First malaria vaccine to be widely tested in Africa next year

Story highlights

  • Although malaria deaths have declined, 429,000 died in 2015
  • The RTS,S malaria vaccine, known as Mosquirix, is the furthest along

(CNN)The World Health Organization announced Monday that it has the go-ahead to try the first malaria vaccine in the field in real-world settings next year. The organization made the announcement on the eve of World Malaria Day.

More than 429,000 people lost their lives to the mosquito-borne illness in 2015, and hundreds of millions get sick with a malaria infection every year. Some never fully recover.
    There has been enormous progress in fighting the disease. From 2000 to 2015, there was a 62% reduction in malaria deaths, according to the WHO, and a 41% reduction in the number of cases. There have been fewer deaths in large part because of better mosquito control and disease awareness, as well as sustained effort to get the right medicine to the right populations, experts said.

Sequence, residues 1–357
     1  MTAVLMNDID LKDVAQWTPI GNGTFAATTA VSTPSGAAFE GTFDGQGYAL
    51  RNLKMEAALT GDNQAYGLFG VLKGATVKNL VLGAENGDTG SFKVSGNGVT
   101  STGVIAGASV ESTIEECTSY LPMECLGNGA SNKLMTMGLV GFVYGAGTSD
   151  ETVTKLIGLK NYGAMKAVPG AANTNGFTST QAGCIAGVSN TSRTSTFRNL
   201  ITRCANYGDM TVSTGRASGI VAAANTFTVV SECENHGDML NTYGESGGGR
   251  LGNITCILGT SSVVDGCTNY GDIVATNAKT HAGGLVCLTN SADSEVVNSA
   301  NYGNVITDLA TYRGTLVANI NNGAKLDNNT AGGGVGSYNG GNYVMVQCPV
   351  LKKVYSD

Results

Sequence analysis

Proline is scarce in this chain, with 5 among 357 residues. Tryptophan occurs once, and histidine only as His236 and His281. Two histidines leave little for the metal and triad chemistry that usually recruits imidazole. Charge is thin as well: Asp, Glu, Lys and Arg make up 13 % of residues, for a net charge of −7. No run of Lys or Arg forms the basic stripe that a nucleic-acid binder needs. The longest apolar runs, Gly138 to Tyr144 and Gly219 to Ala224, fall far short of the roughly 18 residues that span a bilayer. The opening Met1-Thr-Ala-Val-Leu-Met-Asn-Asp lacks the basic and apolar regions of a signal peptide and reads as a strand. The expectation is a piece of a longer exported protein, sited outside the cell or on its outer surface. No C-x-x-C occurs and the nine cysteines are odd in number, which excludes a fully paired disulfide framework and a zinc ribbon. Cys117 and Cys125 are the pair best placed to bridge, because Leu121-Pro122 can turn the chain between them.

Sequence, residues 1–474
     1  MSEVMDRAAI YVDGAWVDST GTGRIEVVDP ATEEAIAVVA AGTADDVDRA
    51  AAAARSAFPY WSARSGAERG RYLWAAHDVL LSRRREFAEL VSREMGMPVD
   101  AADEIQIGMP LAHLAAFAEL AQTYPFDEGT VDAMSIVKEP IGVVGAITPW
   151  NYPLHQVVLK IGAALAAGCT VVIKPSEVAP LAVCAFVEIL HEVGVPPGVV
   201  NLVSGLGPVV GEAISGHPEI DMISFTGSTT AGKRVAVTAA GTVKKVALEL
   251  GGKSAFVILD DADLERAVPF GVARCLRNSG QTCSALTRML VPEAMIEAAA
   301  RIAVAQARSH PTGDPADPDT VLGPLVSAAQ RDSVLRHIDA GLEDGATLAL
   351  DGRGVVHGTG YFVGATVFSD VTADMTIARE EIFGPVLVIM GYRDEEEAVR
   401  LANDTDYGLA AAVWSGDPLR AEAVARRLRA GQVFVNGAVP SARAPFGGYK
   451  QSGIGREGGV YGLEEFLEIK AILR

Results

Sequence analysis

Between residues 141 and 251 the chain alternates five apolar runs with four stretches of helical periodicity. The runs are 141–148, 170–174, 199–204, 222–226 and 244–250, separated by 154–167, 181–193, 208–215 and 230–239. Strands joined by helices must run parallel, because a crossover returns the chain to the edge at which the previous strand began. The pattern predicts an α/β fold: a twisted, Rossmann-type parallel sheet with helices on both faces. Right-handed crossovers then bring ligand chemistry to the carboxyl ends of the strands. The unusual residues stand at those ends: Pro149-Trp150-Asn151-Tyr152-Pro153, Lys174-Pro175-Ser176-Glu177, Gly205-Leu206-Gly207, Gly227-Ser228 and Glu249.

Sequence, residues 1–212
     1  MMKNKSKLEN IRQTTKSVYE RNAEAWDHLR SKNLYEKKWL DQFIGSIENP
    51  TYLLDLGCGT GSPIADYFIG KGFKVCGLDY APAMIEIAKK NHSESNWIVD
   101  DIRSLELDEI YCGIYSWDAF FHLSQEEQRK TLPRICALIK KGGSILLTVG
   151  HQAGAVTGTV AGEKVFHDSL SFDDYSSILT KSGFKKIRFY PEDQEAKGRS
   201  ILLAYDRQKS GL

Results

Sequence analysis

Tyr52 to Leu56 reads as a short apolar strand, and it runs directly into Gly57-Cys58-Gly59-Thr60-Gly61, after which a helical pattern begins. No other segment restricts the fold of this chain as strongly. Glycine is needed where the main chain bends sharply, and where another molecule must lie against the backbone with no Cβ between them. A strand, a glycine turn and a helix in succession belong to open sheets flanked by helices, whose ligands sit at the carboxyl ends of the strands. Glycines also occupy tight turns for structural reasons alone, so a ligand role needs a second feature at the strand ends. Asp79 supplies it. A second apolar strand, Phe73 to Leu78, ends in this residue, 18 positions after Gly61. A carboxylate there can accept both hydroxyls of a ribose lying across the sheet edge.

But there are gaps in prevention coverage, particularly in regions such as sub-Saharan Africa, where about 43% of people at risk for the disease don't have access to mosquito protection like bed nets or bug spray, according to the WHO.
      Africa is the continent that sees the highest number of malaria cases. The new vaccine will be tested in Kenya, Ghana and Malawi starting in 2018.
      Adding a vaccine to the disease-fighting mix could make a significant dent.
      "This is great news, actually," said Dr. Photini Sinnis, a deputy director at the Johns Hopkins Malaria Research Institute and professor at Johns Hopkins Bloomberg School of Public Health. She trained with the GSK scientists who did much of the original research to develop the vaccine in its early days. "At the time, no one thought this would really work. Scientists are skeptical people."
      But it has shown enormous success. "This is a vaccine that has the capability to make a real difference," Sinnis said. In phase 3, it was tried in 11,000 children in sub-Saharan Africa, and it decreased mortality by almost 50%: That's thousands of lives saved. "You can't argue with that success."
      Sinnis was meeting with other malaria researchers to talk about the latest scientific advances in vaccine development. Because of the